What Does Jennifer Garner Think of Her Cheeky Reading of Go the F--- to Sleep? 'I Just Hope My Parents Don't See It!'

Jennifer Garner Reading Go the F--- to Sleep: I Hope My Parents Don't See It
Jennifer Garner
Todd Williamson/Getty

03/07/2016 AT 02:00 PM EST

Forget Mother Goose.

Bedtime stories just got a whole lot more fun with Jennifer Garner at the helm, after the actress delivered a wicked reading of the spoof children's book Go the F--- to Sleep.

But while fans (not to mention weary parents everywhere) got a collective kick out of it, there are two people whom Garner hopes won't get an earful of her inspired reading: her very own folks.

"I just hope my parents don't see it!" she told reporters recently while promoting her upcoming drama Miracles from Heaven in Los Angeles.



As for that anguished parental plea that the book parodies? Well, it's something that Garner, a busy and committed mother of three, can relate to.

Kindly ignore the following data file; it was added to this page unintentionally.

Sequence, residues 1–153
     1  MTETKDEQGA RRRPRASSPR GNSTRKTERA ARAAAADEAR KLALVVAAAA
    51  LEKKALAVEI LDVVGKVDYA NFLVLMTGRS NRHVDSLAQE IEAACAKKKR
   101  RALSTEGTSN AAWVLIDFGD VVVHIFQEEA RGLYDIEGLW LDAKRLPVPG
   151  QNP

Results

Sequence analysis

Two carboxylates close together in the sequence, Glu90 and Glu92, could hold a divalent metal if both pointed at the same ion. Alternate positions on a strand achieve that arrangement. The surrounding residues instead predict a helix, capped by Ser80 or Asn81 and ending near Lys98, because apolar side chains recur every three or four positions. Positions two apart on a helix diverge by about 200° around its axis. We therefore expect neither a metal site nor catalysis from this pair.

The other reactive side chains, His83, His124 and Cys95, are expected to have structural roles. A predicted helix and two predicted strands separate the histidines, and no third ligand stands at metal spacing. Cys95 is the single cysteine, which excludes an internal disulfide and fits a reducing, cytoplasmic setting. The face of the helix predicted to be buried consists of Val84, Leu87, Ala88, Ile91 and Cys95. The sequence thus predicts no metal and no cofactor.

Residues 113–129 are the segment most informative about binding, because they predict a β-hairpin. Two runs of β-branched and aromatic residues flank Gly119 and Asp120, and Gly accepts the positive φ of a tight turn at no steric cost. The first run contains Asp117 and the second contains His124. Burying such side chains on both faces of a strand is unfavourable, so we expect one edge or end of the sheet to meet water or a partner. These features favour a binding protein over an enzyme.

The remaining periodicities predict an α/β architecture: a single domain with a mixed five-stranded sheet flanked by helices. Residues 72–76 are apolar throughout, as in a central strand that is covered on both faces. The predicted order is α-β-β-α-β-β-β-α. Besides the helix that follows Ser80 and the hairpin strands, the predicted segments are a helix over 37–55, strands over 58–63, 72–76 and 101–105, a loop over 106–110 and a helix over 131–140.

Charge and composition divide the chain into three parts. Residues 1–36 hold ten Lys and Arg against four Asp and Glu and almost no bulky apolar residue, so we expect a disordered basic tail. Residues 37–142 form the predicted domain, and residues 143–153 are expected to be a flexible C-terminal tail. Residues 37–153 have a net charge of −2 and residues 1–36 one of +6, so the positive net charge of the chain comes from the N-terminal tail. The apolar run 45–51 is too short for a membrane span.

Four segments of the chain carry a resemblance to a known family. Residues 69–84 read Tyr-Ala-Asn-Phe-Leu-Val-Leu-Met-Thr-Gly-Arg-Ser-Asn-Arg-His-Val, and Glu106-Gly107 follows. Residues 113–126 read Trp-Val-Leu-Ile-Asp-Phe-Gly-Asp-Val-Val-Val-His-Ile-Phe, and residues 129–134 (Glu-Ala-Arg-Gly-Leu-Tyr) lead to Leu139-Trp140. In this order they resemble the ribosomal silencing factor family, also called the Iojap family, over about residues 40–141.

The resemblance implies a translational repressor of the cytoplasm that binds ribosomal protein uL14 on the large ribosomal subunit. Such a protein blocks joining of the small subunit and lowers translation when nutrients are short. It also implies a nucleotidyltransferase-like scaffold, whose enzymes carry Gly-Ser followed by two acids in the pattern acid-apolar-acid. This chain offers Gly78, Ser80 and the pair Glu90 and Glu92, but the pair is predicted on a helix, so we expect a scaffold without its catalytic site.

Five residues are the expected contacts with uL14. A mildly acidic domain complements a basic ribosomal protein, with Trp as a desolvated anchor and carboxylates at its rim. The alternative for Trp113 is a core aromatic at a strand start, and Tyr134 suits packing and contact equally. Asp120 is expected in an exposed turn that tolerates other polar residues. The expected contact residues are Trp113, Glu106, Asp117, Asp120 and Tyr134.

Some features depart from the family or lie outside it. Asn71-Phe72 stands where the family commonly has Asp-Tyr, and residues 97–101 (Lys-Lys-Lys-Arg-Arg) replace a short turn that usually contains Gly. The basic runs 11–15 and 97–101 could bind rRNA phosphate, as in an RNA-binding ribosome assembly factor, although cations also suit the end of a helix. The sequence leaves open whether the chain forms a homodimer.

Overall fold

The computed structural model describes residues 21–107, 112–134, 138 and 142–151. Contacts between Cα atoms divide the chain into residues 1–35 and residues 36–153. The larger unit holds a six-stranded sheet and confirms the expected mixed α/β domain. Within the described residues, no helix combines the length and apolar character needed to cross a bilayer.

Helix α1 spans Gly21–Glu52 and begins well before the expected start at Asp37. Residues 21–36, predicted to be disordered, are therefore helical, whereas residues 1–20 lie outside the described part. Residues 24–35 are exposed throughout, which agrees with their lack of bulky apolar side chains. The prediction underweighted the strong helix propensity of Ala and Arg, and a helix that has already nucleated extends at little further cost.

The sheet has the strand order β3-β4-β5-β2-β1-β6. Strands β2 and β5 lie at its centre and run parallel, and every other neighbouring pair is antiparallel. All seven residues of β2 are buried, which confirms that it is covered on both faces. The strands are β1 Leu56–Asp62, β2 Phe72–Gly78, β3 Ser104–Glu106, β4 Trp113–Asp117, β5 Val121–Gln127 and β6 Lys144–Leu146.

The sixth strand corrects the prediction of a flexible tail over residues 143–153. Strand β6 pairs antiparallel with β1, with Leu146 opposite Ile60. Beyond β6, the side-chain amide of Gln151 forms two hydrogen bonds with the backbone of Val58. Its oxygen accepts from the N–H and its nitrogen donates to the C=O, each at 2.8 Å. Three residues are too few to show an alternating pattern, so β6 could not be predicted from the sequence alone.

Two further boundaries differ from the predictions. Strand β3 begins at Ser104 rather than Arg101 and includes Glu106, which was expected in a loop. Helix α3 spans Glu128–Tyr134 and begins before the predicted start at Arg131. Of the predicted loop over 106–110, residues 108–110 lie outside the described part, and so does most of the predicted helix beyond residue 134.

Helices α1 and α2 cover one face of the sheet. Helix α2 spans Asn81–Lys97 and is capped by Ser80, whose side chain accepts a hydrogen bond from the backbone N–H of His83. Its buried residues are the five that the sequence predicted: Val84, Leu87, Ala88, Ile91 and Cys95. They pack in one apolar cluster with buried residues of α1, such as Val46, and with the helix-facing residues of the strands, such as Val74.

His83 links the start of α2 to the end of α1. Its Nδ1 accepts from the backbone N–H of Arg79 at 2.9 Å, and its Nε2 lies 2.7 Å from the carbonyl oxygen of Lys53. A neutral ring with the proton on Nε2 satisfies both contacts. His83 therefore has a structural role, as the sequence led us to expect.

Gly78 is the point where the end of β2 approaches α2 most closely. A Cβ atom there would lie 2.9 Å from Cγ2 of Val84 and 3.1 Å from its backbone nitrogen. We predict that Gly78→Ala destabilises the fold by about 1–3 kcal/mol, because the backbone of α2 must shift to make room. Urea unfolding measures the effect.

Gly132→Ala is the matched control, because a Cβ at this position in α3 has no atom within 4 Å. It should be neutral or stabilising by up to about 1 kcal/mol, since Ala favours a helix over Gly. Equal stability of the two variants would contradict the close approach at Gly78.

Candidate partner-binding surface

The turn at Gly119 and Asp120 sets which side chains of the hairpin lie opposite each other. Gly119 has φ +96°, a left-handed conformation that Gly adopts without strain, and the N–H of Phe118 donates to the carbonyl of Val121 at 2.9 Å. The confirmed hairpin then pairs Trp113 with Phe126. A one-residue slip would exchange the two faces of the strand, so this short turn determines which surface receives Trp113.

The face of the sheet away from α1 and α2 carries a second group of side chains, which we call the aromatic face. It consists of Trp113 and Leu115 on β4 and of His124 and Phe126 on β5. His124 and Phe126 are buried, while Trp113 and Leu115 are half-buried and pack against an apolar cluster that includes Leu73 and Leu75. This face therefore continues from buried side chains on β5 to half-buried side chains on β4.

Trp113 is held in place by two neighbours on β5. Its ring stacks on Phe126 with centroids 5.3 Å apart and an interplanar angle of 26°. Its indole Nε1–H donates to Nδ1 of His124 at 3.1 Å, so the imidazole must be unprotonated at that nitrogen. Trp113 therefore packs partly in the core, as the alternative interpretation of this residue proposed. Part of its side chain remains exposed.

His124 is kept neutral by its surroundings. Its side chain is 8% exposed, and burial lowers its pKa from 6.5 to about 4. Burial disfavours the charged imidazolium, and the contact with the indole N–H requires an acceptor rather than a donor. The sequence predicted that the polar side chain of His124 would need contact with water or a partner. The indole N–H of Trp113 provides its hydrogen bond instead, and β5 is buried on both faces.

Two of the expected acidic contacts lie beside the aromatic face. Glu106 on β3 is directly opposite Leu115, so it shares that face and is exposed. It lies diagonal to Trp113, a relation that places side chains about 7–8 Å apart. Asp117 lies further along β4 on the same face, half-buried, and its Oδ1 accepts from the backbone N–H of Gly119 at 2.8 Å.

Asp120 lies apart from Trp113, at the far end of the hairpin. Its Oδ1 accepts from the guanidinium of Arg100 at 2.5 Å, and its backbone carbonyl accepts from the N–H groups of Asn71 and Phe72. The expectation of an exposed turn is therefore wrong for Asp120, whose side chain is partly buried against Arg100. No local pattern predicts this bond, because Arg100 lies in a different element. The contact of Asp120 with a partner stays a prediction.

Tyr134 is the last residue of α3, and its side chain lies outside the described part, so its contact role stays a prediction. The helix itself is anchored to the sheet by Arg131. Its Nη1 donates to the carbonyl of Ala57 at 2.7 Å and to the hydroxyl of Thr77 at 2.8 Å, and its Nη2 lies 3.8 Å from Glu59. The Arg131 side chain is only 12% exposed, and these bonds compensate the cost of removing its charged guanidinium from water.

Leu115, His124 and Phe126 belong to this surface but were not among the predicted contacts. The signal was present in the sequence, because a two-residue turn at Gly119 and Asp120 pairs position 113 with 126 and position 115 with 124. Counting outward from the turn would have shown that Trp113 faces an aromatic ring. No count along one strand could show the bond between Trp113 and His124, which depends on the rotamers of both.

"You know that feeling," she quipped. "I'm pretty patient about the whole bedtime thing. I have to Zen out because it goes on for such a long time with three kids if you really try to give them their full due. But I have had that moment for sure."

WARNING: CONTAINS STRONG LANGUAGE

In her recent, revealing Vanity Fair interview, Garner, 43, copped to having some problems falling asleep in the wake of her split from Ben Affleck, 43, as she often tried to doze off with one of her children nearby.

"When I can't sleep – and I am not someone who typically has that problem, but I really have in the last year – and I need something to switch my brain off, it has been Tina Fey and Amy Poehler," she told the magazine .



"God bless those girls. I used to think I would never watch television on my phone," she added, "but there I am, because I am sleeping next to my daughter … I'm happy to have her; she's happy to have me."

In Miracles from Heaven, which opens March 16, Garner plays the mother of a 10-year-old girl who is miraculously cured of a chronic medical condition after living through an accident.

"I think for most of us, it's playing pretend, but it's a pretty real story," she told PEOPLE while promoting the film in Los Angeles. "I don't think you have to dig very deep when there's a child. The great thing for us at the end of the day is we can shake it off and go home and be surrounded by health, and that perspective was a real gift to the movie."

Reporting by NICOLE SANDS
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